A user study is presented that investigates how different configurations of input can influence equity of participation around a tabletop interface. Groups of three worked on a design task requiring negotiation in four interface conditions that varied the number (all members can act or only one) and type (touch versus mice) of input. Our findings show that a multi-touch surface increases physical interaction equity and perceptions of dominance, but does not affect levels of verbal participation. Dominant people still continue to talk the most, while quiet ones remain quiet. Qualitative analyses further revealed how other factors can affect how participants contribute to the task. The findings are discussed in terms of how the design of the physical-technological set-up can affect the desired form of collaboration.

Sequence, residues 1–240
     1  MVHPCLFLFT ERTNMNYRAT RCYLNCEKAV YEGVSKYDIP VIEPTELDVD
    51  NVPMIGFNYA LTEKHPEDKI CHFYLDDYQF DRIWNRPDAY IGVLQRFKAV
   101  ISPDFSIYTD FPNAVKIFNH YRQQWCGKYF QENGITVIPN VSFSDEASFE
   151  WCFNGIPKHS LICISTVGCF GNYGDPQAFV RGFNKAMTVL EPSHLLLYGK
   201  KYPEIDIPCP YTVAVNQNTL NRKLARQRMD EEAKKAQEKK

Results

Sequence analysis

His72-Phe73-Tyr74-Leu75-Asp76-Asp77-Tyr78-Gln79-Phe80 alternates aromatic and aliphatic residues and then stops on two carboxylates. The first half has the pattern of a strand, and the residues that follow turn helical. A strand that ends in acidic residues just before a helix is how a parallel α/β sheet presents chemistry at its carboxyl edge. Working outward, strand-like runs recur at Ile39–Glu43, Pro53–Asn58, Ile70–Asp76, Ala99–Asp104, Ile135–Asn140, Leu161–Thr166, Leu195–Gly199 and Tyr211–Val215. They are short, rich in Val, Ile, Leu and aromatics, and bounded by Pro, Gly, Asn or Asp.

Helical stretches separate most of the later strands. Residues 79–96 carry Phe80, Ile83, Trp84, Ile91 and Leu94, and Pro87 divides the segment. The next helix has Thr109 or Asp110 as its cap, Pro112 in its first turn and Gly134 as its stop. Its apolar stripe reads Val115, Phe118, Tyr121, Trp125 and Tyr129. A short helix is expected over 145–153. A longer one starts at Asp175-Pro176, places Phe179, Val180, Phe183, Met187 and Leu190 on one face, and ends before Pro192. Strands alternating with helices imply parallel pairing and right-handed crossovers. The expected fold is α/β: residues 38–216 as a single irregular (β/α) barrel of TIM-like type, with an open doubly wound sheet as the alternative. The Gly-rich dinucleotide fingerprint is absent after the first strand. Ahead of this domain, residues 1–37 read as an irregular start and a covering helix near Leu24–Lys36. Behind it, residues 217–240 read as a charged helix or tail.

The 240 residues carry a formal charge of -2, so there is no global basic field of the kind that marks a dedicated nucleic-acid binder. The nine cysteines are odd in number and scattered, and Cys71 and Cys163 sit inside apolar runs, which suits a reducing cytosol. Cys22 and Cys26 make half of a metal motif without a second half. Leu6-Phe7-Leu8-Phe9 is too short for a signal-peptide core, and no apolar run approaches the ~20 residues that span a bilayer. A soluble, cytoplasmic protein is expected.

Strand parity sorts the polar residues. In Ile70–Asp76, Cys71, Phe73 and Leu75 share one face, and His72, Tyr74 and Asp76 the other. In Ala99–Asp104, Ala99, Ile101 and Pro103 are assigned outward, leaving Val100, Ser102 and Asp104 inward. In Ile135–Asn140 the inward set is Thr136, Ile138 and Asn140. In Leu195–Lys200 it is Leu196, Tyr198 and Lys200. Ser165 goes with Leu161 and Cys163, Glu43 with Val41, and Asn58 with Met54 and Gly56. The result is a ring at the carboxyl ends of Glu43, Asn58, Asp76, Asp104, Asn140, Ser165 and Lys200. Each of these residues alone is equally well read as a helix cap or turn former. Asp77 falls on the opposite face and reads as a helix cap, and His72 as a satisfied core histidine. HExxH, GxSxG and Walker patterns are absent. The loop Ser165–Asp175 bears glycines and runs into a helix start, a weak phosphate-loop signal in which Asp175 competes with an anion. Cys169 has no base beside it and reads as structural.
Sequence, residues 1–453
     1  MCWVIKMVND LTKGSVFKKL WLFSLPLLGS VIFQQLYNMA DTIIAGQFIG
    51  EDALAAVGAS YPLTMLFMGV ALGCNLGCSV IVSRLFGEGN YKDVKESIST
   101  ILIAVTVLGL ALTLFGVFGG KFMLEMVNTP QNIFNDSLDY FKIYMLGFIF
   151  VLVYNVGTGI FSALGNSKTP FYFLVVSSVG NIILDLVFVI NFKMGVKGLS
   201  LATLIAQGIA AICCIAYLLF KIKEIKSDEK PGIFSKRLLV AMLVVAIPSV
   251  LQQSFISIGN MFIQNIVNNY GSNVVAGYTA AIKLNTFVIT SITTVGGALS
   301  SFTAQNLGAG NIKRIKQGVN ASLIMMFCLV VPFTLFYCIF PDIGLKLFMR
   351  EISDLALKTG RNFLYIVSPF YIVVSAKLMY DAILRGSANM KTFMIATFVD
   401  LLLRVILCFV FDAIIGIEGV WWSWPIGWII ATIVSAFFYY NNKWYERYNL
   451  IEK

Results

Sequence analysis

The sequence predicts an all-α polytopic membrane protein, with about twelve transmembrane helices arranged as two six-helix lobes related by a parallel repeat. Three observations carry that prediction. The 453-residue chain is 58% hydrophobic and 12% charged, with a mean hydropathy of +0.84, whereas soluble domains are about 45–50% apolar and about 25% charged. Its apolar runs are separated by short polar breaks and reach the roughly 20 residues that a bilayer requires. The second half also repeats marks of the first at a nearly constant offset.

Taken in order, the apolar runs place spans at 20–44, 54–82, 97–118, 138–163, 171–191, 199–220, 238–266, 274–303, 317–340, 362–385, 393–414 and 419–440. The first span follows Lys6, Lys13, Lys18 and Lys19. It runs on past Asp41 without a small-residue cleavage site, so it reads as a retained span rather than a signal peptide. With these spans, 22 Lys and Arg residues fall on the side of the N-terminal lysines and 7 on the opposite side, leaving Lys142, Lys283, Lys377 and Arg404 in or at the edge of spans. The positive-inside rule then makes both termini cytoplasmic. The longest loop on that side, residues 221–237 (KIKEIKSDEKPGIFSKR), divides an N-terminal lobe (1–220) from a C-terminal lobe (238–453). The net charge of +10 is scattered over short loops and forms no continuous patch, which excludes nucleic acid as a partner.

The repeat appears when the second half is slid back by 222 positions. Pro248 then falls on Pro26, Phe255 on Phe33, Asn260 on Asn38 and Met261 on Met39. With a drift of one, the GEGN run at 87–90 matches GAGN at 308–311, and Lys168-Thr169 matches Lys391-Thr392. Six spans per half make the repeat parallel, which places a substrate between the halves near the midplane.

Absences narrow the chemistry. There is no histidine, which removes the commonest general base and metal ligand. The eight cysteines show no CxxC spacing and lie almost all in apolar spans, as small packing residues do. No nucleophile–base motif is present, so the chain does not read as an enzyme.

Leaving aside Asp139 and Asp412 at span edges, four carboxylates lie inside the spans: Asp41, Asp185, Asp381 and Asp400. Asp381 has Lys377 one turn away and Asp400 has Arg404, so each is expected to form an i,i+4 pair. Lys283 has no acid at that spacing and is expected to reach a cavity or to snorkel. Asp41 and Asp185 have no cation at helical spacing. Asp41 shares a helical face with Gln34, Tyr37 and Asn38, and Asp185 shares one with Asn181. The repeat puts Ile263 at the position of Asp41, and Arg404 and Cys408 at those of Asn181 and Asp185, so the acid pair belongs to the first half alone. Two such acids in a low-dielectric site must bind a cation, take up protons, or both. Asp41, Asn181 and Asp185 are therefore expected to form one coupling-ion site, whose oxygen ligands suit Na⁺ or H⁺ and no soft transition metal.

|Publication status||Published - Oct 2008|
|Event||IEEE Tabletops and Interactive Surfaces '08 - Amsterdam|
Duration: 1 Oct 2008 → …
|Conference||IEEE Tabletops and Interactive Surfaces '08|
|Period||1/10/08 → …|